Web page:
AP Sports Writer
WASHINGTON (AP) -- On his first swing back from a knee injury, Bryce Harper hit a curtain-call home run.
Welcome back, slugger.
"Typical Bryce right there, he's all about the drama," teammate Jayson Werth said. "He didn't disappoint us, I guess."
Harper's first-inning solo shot Monday night was the sparkplug for the Washington Nationals in a 10-5 pounding of the slumping Milwaukee Brewers.
It was the 20-year-old Harper's only hit of the night, but the domino effect was real. Werth, unhappily bumped to second in the lineup because of Harper's return, got five RBIs. Starting pitcher Jordan Zimmerman was an unexpected offensive juggernaut with a team-high three hits, including a double to start a five-run third inning and a single to open a two-run fourth.
Put it all together and the Nationals had their second runaway win in as many days. After toying with .500 for the entire month of June, Washington moved two games above the break-even mark for the first time since late May.
"It's kind of contagious. Everybody knows we've got some work to do," Washington manager Davey Johnson said. "Let's get down to business. Let's get serious."
Harper missed 31 games with bursitis in his left knee -- the most lingering fallout from his collision with the Dodger Stadium wall -- and was activated from the 15-day disabled list before the game. Batting third and playing left field, he launched the second pitch he saw, a fastball from Yovani Gallardo (6-8), into the visitors' bullpen beyond left field for an opposite-field homer.
Harper raised his right arm and pointed to the fans as he finished his familiar sprint around the bases. After lots of high-fives in the dugout, he returned to the top of the steps and gave a thumbs-up curtain call.
"I felt like I was back on opening day," said Harper, who homered in his first two at-bats of the season. "I was trying to get something I could drive. I got a pitch I could handle a little bit and put it where I wanted to."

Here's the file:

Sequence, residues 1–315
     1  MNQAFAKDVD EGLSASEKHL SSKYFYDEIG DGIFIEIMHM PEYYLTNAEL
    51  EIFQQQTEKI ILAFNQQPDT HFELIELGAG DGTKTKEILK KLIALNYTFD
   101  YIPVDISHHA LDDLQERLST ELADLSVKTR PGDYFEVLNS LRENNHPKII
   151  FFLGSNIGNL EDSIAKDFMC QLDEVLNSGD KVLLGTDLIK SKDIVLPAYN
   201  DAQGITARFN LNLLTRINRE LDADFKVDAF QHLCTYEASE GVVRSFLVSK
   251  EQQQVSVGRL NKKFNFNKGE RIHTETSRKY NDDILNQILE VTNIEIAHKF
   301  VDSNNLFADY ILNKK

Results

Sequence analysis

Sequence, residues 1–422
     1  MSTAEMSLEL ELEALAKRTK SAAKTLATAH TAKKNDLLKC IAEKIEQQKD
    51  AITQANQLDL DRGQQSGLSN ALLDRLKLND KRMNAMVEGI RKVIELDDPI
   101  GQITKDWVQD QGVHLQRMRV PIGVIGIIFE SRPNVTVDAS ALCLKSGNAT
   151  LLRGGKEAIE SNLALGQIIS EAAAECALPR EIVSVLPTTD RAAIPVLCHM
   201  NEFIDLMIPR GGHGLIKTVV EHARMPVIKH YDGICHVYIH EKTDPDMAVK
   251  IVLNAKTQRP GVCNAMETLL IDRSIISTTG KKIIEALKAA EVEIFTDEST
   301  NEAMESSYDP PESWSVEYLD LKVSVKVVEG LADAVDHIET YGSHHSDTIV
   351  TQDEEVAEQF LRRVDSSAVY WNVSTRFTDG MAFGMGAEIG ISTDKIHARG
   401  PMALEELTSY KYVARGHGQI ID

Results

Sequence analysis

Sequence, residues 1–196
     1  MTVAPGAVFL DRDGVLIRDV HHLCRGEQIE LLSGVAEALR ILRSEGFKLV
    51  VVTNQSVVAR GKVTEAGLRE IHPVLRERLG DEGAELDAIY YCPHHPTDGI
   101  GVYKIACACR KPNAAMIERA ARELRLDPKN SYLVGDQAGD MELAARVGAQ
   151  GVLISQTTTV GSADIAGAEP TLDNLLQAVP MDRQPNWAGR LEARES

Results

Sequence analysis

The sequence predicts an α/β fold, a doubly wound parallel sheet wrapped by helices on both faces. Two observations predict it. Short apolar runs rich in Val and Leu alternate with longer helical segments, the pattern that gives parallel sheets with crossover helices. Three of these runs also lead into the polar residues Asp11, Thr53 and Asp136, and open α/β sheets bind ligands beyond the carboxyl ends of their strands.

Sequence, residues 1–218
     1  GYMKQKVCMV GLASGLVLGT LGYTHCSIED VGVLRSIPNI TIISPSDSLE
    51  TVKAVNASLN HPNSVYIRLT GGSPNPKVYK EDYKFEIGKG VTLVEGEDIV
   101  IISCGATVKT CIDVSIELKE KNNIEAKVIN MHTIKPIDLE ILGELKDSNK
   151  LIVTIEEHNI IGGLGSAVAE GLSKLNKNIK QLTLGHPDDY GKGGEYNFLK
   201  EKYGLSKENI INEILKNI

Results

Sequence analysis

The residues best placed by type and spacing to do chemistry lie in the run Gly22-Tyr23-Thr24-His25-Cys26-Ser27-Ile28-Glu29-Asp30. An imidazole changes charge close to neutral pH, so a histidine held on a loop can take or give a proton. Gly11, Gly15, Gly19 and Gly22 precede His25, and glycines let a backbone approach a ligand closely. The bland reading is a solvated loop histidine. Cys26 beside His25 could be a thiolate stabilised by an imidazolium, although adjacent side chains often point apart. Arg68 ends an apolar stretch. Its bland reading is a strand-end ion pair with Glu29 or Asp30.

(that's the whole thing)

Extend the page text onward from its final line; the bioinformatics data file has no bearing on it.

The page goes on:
The solo shot was Harper's 13th homer of the season and 24th RBI. He hurt his knee in the mishap in Los Angeles on May 13 and reinjured it several times over the following two weeks before going on the disabled list. He went 4 for 11 in minor league rehab games last week.
He finished 1 for 4 with a walk on Monday. He slid hard into second base on a double play in the sixth inning, showing no signs of being gimpy in his knee.
The Nationals improved to 26-19 when Harper plays; they are 16-21 when he doesn't. He and the teammates made life easy for Zimmermann (12-3), who had an 8-0 lead at one point and pitched six innings. He allowed four runs and tied unbeaten Max Scherzer of the Detroit Tigers for the major league lead in wins.
Zimmermann said his night at the plate was better than his night on the mound. He joked about the size of his bat, initially claiming it was 39 inches instead of 34.
"I pitch all right," Zimmerman said. "But definitely three hits is awesome."
Werth's mood, by contrast, was nowhere near jovial, especially for a player with his best RBI game since 2009. He kept reporters waiting for nearly an hour after the game and proclaimed himself "just a grunt out here playing ball."
"I don't necessarily like hitting second," Werth said. "But if that's the best for our team, I've said it before: Last year when I led off, it wasn't personally the best fit for me, but it was the best for our team and that's why I felt like it should have happened. And the same goes for me hitting second now."
The Nationals, perhaps finally finding their stride after a middling first half of the season, have won five of seven to pull within six games of the first-place Atlanta Braves in the NL East. Washington scored a season-high 13 runs on Sunday against the New York Mets.
Meanwhile, the Brewers, missing injured slugger Ryan Braun, have lost six straight and are 32-49 at the midpoint of their season.
Gallardo struggled for the second straight start. With the Brewers' bullpen spent after Sunday's 14-inning loss to Pittsburgh, the right-hander was left to fend for himself until he was pulled in the fourth inning. He allowed eight runs, and his ERA rose from 4.20 to 4.78.
"You don't expect to see it from Yovani because he's been so consistent through his career, but he's at a point right now where for some reason he's deep in counts to almost every batter," Milwaukee manager Ron Roenicke said. "We're 3-2 and he's having to make a great pitch, and you can't survive if you keep doing that."